Ralph S. Quatrano

Professor, Department of Biology. Ralph is also Senior Partner in Exeteura, a new venture development company that provides expertise to build teams of entrepreneurs around a new technology/start-up.

I have been interested in the basic mechanisms controlling plant cell and tissue morphogenesis, and the gene regulatory networks that control desiccation tolerance in seeds.

Plant development is mainly driven by positional information integrated with the control of the direction, duration and distribution of divisions and elongation of cells. The establishment of an apical basal polarity followed by the generation of meristems leads to the morphogenesis of tissues and organs. In the model Fucus embryo system, we determined that the establishment of a stable polar axis occurs in the zygote, which directs the first cell division of the embryo and subsequent morphogenesis. The moss, Physcomitrella patens (see Fig 1), is more amenable to a functional analysis of the protein(s) that play a key role in these processes, due to its high efficiency of gene targeting and replacement by homologous recombination, as well as a fully sequenced and well annotated genome (https://cosmoss.org/).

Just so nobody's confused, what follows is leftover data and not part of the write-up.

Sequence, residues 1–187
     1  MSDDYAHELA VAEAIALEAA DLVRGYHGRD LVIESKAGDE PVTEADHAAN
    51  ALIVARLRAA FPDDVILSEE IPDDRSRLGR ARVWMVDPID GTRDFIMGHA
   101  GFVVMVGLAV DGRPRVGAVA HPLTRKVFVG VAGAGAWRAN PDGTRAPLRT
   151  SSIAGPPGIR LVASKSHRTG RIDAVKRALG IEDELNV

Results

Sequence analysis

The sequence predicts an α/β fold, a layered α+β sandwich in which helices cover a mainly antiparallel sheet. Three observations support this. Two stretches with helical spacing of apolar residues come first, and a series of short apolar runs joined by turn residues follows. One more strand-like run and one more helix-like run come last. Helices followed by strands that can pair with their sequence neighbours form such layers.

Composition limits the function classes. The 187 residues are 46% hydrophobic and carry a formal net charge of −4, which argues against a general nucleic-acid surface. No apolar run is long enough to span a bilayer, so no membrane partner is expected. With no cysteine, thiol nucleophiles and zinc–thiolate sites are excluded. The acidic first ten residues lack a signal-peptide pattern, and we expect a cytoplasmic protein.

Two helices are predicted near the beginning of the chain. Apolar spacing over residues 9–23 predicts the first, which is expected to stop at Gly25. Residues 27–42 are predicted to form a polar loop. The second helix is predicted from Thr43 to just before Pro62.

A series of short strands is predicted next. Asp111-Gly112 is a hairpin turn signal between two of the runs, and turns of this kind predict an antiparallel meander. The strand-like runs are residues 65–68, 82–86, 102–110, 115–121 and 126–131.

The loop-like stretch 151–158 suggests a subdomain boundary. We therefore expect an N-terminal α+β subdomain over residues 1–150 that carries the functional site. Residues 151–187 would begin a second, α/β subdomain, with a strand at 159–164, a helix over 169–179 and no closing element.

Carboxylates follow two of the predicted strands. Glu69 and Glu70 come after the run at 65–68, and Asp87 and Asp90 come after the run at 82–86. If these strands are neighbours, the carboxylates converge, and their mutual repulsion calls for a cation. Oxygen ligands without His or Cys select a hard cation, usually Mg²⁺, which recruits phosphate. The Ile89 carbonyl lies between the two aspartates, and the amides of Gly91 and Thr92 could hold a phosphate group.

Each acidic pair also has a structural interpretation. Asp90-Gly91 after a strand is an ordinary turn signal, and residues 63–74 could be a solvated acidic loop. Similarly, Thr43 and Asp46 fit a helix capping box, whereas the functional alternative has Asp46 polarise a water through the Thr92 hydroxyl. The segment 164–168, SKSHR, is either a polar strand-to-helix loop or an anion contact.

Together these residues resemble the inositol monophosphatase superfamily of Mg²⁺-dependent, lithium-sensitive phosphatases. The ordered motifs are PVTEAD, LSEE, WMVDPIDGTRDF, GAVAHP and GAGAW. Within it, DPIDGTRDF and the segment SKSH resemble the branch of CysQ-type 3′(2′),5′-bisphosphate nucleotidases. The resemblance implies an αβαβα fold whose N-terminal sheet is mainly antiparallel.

Our recent studies on cellular morphogenesis have focused on defective kernel-1 (DEK1), a highly conserved trans-membrane protein found as a signal copy gene in all plants surveyed in the green plant lineage (Liang et al. 2013). Deletion of this gene in moss leads to the mis-orientation of cell divisions leading to the lack of a proper meristem and three-dimensional growth of the bud (Perroud et al. 2014). In the future, I hope others will attemot to identify proteins that complex with the cytoplasmic domain and/or the outer loop of DEK1, and their role in controlling the direction, duration and distribution of cell divisions.

Our second major area of research was centered on the gene networks that controls desiccation tolerance in seeds. The phytohormone abscisic acid (ABA) and the highly conserved regulatory protein ABI3 are both required for seeds to tolerate desiccation (Yotsui et al. 2013). Both ABA and ABI3 are found in moss, and as in seeds, are both required for desiccation tolerance in moss (Khandelwal et al. 2010). We recently identified a number of proteins by mass spectrometry that play a key protectant role in cells undergoing desiccation (Yotsui et al. 2016; U.S. Patent #9,243,261). Our working hypothesis is that gene regulatory pathways that include both ABA and ABI3 originally evolved for cellular protection from water deficits but independently have been used to provide desiccation tolerance in vegetative tissues of bryophytes and in angiosperm seeds.